Third-party litigation funding has emerged as a novel way to mitigate the costs and risks involved in pursuing or defending a claim. Such arrangements have the potential to increase access to justice, or “level the playing field.” However, there are criticisms that third-party funding could increase the amount of litigation and promote the profiting from others' harm. In response to questions about third-party litigation financing and its impact on the U.S. legal system, in June 2009, the UCLA-RAND Center for Law and Public Policy convened a conference to assess the regulatory implications of this approach, its effect on dispute resolution, and likely trends in the development of the practice as it becomes more widespread. Each conference session featured presentations by a series of expert panelists, who described the litigation finance landscape, the roles of insurers and contingency-fee lawyers, predicted challenges to novel funding relationships, and the regulatory issues inherent in third-party litigation funding. The conference concluded with a roundtable discussion guided by audience questions and featuring general recommendations as the U.S. legal system considers the advantages and disadvantages of litigation financing.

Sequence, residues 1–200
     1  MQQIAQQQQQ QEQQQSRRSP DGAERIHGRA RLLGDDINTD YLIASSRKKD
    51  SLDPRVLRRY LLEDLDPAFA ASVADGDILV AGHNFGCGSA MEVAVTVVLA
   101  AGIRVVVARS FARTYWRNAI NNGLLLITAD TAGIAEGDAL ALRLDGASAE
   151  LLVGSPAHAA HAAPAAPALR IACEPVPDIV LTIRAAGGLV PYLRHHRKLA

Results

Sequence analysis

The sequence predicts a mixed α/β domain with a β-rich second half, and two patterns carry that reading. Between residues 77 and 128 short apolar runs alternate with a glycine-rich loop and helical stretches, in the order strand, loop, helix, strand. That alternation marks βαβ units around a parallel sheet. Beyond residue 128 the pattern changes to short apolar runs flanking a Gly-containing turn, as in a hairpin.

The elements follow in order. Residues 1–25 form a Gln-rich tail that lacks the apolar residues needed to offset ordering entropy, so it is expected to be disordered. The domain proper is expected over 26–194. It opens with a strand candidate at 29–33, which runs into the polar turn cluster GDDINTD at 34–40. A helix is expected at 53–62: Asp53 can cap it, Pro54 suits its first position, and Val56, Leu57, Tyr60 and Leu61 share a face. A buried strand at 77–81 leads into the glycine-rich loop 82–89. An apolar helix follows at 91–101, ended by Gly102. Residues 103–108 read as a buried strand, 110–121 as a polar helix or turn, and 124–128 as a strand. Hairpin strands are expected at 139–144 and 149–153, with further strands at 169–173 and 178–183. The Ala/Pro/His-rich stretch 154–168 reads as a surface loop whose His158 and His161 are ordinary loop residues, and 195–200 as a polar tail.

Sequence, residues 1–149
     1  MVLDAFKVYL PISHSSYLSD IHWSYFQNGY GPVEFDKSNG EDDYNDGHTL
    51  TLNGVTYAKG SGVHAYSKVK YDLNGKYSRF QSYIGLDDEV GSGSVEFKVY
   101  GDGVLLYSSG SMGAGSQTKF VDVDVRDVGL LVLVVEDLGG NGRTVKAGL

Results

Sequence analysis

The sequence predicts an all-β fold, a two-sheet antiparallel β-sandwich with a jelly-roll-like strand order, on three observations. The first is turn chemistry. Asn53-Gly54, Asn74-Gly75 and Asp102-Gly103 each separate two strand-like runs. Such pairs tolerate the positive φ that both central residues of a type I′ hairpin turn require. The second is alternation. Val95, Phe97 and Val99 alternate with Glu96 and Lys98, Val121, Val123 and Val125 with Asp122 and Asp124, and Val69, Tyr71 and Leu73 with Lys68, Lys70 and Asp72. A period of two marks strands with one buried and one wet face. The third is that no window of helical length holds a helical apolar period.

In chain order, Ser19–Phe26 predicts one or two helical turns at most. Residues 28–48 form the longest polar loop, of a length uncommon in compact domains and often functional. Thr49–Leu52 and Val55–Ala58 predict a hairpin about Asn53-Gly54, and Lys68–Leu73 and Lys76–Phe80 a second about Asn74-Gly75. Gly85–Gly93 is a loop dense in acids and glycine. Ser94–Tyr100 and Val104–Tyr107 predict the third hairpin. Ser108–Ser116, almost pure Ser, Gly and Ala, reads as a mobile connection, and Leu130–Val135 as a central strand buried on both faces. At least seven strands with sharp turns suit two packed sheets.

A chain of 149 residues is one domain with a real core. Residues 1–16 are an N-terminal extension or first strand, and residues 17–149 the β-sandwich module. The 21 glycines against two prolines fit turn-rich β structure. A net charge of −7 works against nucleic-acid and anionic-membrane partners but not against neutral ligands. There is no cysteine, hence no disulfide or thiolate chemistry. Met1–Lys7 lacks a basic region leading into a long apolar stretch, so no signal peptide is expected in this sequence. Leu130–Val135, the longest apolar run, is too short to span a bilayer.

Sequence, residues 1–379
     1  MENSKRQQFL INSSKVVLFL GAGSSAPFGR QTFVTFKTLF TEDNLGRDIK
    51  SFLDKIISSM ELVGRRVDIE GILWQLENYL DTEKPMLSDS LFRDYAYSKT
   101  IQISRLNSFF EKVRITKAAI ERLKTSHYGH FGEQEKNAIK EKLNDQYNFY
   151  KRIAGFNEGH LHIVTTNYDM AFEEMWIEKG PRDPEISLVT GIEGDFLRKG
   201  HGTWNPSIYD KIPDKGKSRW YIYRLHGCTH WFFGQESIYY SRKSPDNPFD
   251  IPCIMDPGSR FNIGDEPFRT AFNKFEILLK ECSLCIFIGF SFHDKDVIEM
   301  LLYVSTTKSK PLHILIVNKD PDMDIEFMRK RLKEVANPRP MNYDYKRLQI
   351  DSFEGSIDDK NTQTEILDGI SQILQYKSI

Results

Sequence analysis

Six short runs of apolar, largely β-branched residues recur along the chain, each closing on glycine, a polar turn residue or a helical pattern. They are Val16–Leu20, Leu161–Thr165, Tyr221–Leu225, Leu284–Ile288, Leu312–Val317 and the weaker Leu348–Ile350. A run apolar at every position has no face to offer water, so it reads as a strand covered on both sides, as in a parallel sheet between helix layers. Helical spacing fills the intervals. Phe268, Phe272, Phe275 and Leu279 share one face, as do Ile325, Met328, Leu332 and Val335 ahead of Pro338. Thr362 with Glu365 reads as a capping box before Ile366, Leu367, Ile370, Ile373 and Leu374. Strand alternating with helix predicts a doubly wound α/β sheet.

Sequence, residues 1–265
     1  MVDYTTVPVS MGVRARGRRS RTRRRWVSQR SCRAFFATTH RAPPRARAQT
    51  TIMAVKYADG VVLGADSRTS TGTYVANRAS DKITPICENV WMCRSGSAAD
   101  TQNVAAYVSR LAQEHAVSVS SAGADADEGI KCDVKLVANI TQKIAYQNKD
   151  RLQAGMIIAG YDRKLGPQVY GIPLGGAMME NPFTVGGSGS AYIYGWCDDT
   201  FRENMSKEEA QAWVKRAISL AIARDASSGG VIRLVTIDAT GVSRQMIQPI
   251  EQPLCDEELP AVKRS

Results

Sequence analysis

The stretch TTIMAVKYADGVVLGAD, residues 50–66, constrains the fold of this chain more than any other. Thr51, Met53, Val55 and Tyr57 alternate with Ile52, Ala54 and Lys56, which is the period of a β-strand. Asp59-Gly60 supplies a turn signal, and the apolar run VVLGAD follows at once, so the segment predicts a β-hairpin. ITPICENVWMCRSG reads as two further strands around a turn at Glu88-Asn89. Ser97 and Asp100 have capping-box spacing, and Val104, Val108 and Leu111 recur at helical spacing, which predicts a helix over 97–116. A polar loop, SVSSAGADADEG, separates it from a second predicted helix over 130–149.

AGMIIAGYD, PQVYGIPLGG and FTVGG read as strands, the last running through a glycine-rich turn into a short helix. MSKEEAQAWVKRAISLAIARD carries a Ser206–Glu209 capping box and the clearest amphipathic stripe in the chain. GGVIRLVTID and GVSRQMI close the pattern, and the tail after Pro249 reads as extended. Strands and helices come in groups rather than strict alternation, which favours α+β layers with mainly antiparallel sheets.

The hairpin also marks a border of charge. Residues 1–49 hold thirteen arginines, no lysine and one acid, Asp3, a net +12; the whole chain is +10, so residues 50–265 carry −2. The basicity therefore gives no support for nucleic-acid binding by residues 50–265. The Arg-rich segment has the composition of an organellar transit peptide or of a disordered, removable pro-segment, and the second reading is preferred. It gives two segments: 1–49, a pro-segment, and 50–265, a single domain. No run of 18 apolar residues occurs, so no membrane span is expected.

For a copy of the conference proceedings, please go to the RAND site  here.

To download audio files of the conference presentations please select from one of the participants below.

 
Lynn M. LoPucki

Selvyn Seidel
 
Herbert Kritzer
 
Neil Rickman

James Tyrrell
 
Timothy Scrantom
 
Jonathan Molot
 
Nathan Crystal
 
Stephen Yeazell
 
Kathleen
Flynn Peterson

Q&A with the Entire Panel